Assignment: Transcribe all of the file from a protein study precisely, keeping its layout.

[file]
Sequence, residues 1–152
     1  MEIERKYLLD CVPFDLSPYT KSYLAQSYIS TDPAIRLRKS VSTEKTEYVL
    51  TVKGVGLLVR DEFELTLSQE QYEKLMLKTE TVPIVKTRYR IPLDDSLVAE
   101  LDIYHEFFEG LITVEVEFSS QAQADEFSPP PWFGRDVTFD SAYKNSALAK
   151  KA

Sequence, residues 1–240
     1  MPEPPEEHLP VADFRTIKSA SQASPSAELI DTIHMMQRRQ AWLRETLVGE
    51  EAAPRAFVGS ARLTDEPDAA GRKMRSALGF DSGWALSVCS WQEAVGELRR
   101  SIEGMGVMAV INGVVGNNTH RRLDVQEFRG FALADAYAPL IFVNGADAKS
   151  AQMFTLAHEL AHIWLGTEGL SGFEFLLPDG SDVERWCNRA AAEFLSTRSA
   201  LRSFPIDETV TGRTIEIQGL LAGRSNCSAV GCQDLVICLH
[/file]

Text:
Sequence, residues 1–152
     1  MEIERKYLLD CVPFDLSPYT KSYLAQSYIS TDPAIRLRKS VSTEKTEYVL
    51  TVKGVGLLVR DEFELTLSQE QYEKLMLKTE TVPIVKTRYR IPLDDSLVAE
   101  LDIYHEFFEG LITVEVEFSS QAQADEFSPP PWFGRDVTFD SAYKNSALAK
   151  KA

Sequence, residues 1–240
     1  MPEPPEEHLP VADFRTIKSA SQASPSAELI DTIHMMQRRQ AWLRETLVGE
    51  EAAPRAFVGS ARLTDEPDAA GRKMRSALGF DSGWALSVCS WQEAVGELRR
   101  SIEGMGVMAV INGVVGNNTH RRLDVQEFRG FALADAYAPL IFVNGADAKS
   151  AQMFTLAHEL AHIWLGTEGL SGFEFLLPDG SDVERWCNRA AAEFLSTRSA
   201  LRSFPIDETV TGRTIEIQGL LAGRSNCSAV GCQDLVICLH